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Delicate then? Well, I have to avoid them anyway, because of my angels but if I ever were in position to get one, this info would be very, very helpful..

Matthew


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Old 07/20/2011, 09:32 PM   #18
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thank you for the information. these corals are beautiful. do you have any information on there reporduction?


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Old 07/20/2011, 11:23 PM   #19
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Quote:
Originally Posted by AGYDAL View Post
My green guy seems happier when he's near a rock sort of shielding it against flow. I know you have to have it out to cover it because it's weak; maybe as it starts to recover move it a little closer to the rocks? Mine also really likes Selcon Soaked mysis.

Good luck they're really cool corals, very active for a blob
Yes. I think you're right, nearer to the entrance of the "cave" or half in and half out of the cave would've been a better place. That way it's kinda nestled more near rock like you said, and not all out in the open by itself getting all the flow that richoets off the front glass (yikes).


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I'm appreciating the depth of the answer.
Thanks much.

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OK, that makes sense. And it does look a lot like what I see sold as Cyarina sp. corals around here. But it grows bigger, apparently.
Not that it matters, all three would be welcomed by my Angels with open fins. And mouths, alas..

Matthew
Yes indeed, lol, it would be like Christmas morning to the angel species.


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to add to the taxonomic controversy you can also look at blastomussa beyerbanky and acanthastrea maxima.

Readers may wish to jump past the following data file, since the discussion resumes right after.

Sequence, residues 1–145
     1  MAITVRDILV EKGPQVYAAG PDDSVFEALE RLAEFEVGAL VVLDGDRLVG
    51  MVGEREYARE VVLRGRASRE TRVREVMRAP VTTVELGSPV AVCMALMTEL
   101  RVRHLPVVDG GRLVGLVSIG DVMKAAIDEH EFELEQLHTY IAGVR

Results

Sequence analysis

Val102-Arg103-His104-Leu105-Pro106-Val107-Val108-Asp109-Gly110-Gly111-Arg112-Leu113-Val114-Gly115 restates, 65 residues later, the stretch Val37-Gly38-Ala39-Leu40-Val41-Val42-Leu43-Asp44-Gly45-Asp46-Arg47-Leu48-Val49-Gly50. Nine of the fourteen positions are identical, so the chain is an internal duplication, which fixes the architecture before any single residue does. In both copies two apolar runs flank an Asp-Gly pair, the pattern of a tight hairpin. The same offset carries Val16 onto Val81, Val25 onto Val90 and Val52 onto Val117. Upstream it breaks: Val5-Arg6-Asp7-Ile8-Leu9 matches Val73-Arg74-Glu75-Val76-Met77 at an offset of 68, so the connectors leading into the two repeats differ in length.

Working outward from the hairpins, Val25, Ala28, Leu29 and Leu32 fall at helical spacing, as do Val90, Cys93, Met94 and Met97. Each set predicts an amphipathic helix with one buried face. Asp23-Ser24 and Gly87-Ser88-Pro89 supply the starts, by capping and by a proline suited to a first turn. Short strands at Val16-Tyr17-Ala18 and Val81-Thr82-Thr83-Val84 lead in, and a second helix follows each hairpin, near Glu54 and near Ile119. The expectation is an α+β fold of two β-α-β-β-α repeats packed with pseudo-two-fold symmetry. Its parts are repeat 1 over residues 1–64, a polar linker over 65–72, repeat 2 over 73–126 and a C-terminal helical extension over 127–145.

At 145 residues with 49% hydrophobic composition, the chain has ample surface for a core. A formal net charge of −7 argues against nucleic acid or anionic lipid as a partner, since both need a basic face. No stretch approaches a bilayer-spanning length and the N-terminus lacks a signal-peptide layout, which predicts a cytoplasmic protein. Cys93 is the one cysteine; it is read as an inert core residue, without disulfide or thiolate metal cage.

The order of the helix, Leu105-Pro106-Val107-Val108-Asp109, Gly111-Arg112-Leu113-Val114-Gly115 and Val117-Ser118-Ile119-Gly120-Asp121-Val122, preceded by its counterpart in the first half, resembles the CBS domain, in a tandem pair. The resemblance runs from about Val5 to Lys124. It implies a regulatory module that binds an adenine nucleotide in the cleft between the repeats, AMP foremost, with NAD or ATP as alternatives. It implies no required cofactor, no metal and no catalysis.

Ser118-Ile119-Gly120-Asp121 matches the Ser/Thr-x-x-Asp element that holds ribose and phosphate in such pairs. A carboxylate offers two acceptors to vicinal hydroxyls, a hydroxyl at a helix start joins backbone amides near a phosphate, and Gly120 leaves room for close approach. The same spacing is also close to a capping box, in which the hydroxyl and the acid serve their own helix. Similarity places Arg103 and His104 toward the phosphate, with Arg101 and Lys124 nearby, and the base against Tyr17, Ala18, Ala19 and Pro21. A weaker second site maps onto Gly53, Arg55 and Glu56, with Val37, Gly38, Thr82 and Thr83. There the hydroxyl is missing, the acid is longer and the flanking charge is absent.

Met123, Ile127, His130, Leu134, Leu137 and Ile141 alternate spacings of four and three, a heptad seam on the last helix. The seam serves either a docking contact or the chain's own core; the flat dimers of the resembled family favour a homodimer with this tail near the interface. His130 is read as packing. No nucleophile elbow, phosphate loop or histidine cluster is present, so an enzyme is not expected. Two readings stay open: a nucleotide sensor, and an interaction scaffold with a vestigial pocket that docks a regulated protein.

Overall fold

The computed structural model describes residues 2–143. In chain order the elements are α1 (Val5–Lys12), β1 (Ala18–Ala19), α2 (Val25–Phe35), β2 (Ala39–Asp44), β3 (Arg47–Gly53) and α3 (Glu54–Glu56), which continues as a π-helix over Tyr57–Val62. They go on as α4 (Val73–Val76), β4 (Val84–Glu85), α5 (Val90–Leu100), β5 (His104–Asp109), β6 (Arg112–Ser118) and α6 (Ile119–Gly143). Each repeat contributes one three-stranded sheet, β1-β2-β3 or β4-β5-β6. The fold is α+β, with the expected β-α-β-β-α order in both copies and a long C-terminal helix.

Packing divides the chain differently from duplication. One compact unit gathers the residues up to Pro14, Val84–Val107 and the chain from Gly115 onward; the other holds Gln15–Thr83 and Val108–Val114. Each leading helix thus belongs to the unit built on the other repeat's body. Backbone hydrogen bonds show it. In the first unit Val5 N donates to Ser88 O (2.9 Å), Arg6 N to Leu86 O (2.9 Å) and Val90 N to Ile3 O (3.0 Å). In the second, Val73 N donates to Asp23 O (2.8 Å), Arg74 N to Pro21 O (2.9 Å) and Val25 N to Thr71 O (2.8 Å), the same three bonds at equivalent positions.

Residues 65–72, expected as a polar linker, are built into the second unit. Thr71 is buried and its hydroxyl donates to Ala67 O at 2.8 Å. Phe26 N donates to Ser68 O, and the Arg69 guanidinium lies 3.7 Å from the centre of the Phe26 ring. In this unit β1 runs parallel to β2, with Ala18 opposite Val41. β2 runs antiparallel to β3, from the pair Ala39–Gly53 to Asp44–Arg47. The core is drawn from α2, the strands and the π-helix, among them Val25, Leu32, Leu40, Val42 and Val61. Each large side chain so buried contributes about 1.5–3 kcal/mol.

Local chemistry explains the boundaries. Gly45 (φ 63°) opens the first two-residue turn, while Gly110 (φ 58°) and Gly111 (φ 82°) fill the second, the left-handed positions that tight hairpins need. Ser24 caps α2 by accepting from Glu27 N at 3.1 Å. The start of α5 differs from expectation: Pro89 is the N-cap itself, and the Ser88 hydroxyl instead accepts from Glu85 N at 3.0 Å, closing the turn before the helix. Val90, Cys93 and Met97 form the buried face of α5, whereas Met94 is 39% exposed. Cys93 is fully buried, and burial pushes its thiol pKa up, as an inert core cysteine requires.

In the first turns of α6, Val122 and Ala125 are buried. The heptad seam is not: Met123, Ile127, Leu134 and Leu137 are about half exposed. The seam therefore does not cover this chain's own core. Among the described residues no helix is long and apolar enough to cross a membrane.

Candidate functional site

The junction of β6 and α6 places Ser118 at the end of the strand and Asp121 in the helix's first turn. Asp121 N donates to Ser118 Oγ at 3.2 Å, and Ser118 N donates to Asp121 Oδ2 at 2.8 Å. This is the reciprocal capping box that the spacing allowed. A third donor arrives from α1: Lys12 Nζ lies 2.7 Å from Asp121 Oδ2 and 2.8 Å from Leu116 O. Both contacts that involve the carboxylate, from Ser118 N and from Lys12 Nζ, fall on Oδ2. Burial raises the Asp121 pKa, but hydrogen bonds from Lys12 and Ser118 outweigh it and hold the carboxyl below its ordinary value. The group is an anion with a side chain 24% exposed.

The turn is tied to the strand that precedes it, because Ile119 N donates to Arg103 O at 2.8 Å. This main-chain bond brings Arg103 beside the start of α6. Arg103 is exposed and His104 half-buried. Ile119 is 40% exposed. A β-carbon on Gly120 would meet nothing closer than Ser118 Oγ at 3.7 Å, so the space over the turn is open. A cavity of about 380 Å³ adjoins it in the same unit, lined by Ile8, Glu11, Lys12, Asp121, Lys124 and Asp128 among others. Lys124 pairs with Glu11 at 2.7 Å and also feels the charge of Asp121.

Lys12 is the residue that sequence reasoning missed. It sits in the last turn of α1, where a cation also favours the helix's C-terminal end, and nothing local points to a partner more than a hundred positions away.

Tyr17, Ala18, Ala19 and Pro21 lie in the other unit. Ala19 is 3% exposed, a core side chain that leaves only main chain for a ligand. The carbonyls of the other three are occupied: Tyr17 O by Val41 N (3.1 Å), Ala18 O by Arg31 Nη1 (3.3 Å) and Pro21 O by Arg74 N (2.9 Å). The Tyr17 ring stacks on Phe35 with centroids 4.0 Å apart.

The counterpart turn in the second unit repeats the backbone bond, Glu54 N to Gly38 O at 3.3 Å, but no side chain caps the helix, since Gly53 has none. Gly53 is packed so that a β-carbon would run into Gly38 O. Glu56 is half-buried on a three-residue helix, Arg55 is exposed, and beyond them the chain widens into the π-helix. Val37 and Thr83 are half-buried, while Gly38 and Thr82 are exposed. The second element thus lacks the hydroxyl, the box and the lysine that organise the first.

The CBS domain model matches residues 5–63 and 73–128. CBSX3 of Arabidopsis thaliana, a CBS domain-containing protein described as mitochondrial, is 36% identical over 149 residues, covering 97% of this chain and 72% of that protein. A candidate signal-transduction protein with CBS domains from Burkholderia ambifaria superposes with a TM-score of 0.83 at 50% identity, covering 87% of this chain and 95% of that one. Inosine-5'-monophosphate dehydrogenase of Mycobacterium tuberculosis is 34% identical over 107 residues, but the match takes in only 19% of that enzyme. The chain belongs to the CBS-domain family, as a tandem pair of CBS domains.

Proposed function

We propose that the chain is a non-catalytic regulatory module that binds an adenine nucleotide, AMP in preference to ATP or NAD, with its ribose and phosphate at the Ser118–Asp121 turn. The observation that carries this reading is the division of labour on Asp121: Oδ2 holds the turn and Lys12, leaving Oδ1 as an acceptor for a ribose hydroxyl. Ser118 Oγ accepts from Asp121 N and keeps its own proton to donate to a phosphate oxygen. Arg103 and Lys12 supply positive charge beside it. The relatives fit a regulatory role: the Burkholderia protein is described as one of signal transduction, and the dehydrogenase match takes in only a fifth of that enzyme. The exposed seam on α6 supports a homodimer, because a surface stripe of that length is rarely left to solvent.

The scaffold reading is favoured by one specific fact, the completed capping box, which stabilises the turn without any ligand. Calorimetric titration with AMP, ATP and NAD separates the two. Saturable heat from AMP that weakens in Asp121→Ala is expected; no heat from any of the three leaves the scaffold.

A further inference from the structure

Yep, absolutely. Makes one's head spin


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Yup, sometimes I feel like if you sneeze on them they bleach. Every time my tank went over 82 or my lights got stuck on a bit mine would bleach and take a few months to come back, while everything else in the tank would be fine
That's EXACTLY what happened to mine.
We left to Sacramento one week. We left the house air conditioner on specifically so the tank wouldn't get too hot. When we returned we looked the tank temp in the early afternoon and it was 84. We saw that our new pink hammer was decomposed. So we knew then that the temp must have been outrageous while we were gone.
Everything else in the tank was fine, and we were grateful we only had the one loss.
Then, a day or two later, just like you said, the Acanthophyllia started a rapid decline of bleaching and tissue retraction. It began by expelling it's zooanthellae like crazy. I thought the bleaching was from the light, so i put it in the cave in a way more shaded area. Well, that was fine, but it wasn't the light. It had been growing and thriving in the semi-strong light it was under. It was the hEAT. It didn't start expelling until the heat went up.
(since then we have a way to keep the tank temp constant within one degree.)

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Delicate then? Well, I have to avoid them anyway, because of my angels but if I ever were in position to get one, this info would be very, very helpful..